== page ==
Ecocolors has a soy and flax base, and uses rosemary extract as a hair conditioner.© Ecocolors
Vegetal ($14.99 for three applications) from the Herbatint company lasts only five to six washes and is a vegetable-based color preparation containing no ammonia, peroxide or PPD. It is an alternative to harsher chemicals, although it has to be used more often as it just coats the hair shaft without penetrating it. Another permanent preparation is the ammonia-free Naturtint ($10.99 per box), which is enriched with oat, soy, corn and wheat extracts.
Ecocolors is another entry into the permanent dye category. It contains ammonia and peroxide at low concentrations. Founded by Lisa Saul, formerly a lab scientist, Ecocolors ($13.50 per box) has a soy and flax base and uses rosemary extract to condition the hair and flower essences instead of artificial scents. Saul got interested in alternatives to traditional hair dyes in 1990, when she was pregnant and worried about unnecessary chemical exposure. "I wanted to protect myself and my children," she says. Although no link has been found thus far between hair coloring and the health of the unborn, Saul’s concerns register with many women who want to avoid toxins when pregnant. Ecocolors will be in health stores this summer, and is available on the Internet.
Naturcolor ($14.95 per box), an import from Europe, also covers gray hair and improves hair condition. This product comes with an applicator (unlike Herbatint); you can mix only as much as you need and use the rest later.
For a truly natural hair dye option, consider henna, which is made from the powdered leaves of a desert shrub called Lawsonia. Henna has been used for thousands of years to color hair and skin. (Cleopatra was a famed proponent.) Although it seems to pose no health risks, some sensitive people might still experience allergies when using it.
Rainbow Henna makes a variety of completely organic colors ($6.95 for four ounces), since henna is not just for red hair or highlights. Black hair and a huge variety of reds, light and dark browns and blondes can all benefit from henna’s coloring and super conditioning properties. Like any semi-permanent dye, it will only coat the hair and lasts an average of six weeks. But one advantage to henna is that it can be mixed with ingredients from the kitchen to customize color, like coffee to deepen brown tones, tea to add highlights to light brown and blonde, and apple cider vinegar to help hold color on resistant gray hair.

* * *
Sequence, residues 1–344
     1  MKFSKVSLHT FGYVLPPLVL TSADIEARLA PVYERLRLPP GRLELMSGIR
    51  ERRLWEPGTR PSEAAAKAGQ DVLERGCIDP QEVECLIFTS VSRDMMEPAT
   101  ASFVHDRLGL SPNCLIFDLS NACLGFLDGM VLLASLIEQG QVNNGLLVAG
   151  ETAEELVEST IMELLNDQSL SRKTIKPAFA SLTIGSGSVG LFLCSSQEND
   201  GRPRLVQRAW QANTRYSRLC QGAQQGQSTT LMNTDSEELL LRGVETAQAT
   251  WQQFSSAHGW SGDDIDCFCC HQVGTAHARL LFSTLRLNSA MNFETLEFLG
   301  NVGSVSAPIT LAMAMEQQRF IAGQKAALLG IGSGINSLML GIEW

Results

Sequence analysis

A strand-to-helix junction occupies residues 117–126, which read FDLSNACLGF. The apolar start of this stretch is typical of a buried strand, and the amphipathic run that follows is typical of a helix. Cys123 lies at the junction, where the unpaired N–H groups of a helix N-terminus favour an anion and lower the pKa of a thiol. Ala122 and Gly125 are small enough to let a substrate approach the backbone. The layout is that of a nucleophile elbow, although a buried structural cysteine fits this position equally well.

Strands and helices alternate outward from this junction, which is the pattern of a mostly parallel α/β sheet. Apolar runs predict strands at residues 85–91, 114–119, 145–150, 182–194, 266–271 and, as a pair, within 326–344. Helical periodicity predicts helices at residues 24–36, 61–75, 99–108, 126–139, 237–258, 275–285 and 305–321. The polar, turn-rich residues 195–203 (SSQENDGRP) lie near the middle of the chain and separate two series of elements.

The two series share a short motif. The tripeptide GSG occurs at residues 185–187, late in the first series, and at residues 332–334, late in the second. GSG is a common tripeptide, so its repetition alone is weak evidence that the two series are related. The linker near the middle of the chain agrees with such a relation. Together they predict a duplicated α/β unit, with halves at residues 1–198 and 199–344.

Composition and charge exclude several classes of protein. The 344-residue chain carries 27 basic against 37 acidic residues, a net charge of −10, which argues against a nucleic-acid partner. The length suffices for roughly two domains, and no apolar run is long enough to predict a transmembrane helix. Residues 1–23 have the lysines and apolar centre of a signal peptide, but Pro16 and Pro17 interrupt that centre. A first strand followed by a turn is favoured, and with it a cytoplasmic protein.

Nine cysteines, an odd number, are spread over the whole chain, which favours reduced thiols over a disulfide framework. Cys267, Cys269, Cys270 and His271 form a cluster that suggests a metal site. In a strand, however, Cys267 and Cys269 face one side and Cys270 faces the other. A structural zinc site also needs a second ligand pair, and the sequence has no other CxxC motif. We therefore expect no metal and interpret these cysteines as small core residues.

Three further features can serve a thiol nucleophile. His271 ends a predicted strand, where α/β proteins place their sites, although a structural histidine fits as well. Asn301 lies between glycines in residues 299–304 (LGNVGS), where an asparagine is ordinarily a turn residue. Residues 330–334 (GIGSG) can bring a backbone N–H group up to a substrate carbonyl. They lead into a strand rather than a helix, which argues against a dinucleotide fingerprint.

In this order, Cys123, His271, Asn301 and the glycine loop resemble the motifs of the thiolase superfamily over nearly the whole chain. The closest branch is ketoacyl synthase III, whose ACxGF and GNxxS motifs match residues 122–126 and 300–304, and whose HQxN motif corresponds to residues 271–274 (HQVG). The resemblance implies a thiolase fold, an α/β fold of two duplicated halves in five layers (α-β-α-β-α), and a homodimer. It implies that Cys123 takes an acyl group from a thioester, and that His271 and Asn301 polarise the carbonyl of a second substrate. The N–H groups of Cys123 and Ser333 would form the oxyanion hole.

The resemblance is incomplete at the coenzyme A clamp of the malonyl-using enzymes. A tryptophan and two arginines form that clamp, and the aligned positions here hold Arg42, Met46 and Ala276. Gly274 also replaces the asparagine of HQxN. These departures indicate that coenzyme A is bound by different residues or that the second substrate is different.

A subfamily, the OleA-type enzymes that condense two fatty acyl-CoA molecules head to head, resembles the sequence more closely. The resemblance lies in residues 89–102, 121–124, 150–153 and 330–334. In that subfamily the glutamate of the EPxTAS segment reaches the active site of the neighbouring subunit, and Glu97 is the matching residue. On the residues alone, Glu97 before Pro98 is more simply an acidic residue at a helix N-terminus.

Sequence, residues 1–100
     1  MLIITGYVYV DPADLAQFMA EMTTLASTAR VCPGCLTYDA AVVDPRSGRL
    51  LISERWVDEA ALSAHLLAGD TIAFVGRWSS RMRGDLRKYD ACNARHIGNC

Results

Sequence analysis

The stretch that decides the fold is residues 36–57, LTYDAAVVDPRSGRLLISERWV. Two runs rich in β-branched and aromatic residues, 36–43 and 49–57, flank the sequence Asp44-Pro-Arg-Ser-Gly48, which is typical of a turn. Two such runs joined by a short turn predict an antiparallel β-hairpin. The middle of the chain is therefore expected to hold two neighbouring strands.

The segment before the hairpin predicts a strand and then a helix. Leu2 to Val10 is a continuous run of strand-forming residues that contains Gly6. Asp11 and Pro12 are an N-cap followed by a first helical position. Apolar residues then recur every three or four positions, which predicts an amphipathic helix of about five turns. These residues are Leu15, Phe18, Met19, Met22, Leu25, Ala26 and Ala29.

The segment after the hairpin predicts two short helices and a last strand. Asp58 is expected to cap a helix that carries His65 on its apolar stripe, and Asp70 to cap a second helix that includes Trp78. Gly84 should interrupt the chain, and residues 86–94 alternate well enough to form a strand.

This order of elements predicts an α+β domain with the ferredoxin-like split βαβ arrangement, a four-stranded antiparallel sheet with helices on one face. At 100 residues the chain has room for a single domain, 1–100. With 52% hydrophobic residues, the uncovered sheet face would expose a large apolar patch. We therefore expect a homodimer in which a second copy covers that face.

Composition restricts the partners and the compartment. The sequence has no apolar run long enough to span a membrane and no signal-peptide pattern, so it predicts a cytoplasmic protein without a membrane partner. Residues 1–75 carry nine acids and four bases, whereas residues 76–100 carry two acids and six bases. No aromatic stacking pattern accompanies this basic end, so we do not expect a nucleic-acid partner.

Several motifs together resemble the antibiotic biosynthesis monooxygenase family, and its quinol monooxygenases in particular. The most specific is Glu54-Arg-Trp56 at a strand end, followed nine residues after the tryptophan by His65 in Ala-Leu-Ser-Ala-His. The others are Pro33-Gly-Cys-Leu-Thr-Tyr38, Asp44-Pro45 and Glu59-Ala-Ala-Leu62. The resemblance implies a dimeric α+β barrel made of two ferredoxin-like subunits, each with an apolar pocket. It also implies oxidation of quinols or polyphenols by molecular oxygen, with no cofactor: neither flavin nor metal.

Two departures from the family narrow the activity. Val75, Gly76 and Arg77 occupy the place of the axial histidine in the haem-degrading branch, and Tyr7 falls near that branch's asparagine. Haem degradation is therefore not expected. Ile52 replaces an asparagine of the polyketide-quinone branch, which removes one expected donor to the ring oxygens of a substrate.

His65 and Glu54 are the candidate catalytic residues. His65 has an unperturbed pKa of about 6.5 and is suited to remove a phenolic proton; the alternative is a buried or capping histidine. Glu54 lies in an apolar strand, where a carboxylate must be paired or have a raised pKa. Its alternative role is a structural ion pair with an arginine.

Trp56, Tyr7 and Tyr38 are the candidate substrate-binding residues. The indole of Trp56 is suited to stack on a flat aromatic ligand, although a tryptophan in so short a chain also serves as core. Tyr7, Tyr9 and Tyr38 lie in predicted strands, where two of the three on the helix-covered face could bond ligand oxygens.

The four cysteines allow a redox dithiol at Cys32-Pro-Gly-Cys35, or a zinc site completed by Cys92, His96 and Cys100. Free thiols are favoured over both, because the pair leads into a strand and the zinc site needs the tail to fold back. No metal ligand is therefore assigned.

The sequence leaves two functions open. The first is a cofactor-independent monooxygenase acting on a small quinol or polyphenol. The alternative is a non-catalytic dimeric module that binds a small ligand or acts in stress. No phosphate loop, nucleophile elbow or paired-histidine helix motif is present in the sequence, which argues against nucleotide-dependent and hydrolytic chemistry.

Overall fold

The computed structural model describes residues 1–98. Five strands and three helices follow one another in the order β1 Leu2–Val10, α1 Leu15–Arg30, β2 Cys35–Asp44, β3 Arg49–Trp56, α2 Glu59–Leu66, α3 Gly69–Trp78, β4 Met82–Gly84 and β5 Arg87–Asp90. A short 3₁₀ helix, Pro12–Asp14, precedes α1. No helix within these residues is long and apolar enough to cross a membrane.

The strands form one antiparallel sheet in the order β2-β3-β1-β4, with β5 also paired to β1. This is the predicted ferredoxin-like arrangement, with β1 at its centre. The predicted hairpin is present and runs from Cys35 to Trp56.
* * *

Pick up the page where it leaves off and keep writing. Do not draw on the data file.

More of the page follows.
Tony Farish, a former Clairol employee who now owns Rainbow Research—the parent company of Rainbow Henna—made the switch to natural products in 1976. "Because henna is natural, there are limits to what you can do with it. You can’t lighten or bleach with it, but you can use it on some gray hair, and brown shades work particularly well," he says. Another henna dye company is Light Mountain, which sells application kits that are convenient for those used to traditional home hair coloring packages ($5.50 per box, $10.98 for gray-covering formula).
With many of these dyes available at health food stores and supermarkets, the choice is yours. And don’t forget, you can bring any natural coloring or henna to your hairdresser if it’s not carried there. Most hair colorists are happy to use a product that a customer prefers.
There are also quite a few natural options available exclusively to salons. One popular brand is Tocco Magico from Italy. Let your colorists know that you are interested in fewer chemicals for both your health and theirs.
STARRE VARTAN, a Connecticut-based freelance writer, has been coloring her hair continuously since she was 16.